The Ph.D. degree marks the accomplishment of professional-level skills in conducting independent research, and normally features specialized training in one or two of the discipline’s subfields. Doctoral education is guided by a Ph.D. committee composed of members of the faculty competent in the particular areas and topics chosen by the student.
The doctoral program includes an integrated process of compiling annual portfolios that represent the development of knowledge, progressively developing and completing reading lists, developing and submitting research proposals to funding agencies, developing and defending a dissertation prospectus, and writing two comprehensive exam essays. Upon successful completion of the comprehensive examination and the dissertation prospectus, the student advances to candidacy for the Ph.D. To complete the Ph.D., all doctoral candidates are required to conduct independent anthropological research, write a dissertation, and defend it.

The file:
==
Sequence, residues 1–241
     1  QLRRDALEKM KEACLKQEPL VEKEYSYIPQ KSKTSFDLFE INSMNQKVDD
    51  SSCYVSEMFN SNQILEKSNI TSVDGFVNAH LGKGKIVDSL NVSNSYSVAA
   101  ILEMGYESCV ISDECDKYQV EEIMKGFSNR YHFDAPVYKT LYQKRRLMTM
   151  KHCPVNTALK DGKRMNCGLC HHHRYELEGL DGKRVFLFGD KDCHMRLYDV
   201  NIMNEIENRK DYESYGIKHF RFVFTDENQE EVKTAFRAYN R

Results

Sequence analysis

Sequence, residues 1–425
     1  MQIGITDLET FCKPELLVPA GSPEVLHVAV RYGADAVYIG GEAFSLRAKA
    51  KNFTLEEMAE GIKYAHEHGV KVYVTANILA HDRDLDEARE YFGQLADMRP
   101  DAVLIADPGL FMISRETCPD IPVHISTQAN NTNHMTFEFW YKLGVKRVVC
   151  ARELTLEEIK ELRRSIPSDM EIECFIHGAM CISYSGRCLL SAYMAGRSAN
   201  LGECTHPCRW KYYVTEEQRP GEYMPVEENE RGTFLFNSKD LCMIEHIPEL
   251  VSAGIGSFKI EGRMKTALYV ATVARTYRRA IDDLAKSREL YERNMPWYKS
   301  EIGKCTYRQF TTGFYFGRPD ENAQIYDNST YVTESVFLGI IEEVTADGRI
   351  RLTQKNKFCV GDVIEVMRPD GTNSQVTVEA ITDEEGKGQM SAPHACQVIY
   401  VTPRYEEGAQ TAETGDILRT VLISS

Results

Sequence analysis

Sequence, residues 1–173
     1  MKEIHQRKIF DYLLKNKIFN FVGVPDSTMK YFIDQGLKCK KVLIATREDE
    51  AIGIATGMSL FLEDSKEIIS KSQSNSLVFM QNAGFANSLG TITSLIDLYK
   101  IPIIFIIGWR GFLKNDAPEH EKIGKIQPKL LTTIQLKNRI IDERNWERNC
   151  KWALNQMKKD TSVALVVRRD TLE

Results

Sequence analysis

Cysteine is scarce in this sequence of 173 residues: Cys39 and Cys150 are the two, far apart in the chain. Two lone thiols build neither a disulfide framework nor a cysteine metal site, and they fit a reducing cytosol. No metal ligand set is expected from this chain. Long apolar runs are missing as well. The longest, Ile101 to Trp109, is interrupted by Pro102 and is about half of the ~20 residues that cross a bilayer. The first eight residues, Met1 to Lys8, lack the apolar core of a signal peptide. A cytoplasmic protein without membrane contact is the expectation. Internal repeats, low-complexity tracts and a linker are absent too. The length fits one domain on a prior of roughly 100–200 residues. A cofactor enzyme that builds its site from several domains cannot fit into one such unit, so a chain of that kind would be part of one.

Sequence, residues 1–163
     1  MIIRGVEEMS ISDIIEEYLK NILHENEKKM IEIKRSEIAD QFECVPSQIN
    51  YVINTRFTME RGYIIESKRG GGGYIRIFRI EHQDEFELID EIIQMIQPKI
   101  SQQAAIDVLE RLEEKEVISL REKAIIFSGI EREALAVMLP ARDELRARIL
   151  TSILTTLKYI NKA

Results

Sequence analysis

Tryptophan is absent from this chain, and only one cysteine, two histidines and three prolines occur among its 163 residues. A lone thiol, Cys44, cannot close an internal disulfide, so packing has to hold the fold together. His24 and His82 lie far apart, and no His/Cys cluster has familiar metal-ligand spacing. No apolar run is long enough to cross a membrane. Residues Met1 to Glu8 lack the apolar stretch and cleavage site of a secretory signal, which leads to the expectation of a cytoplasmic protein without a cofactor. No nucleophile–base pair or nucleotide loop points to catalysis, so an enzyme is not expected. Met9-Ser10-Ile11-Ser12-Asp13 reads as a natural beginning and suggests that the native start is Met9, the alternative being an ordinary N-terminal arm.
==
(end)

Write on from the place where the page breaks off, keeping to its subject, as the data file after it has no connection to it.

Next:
For students who enter the doctoral program with an existing M.A. (in anthropology or a related field), the faculty develop an individualized program of study based on their existing coursework and goals.
For program requirements, please see the Graduate Guidebook.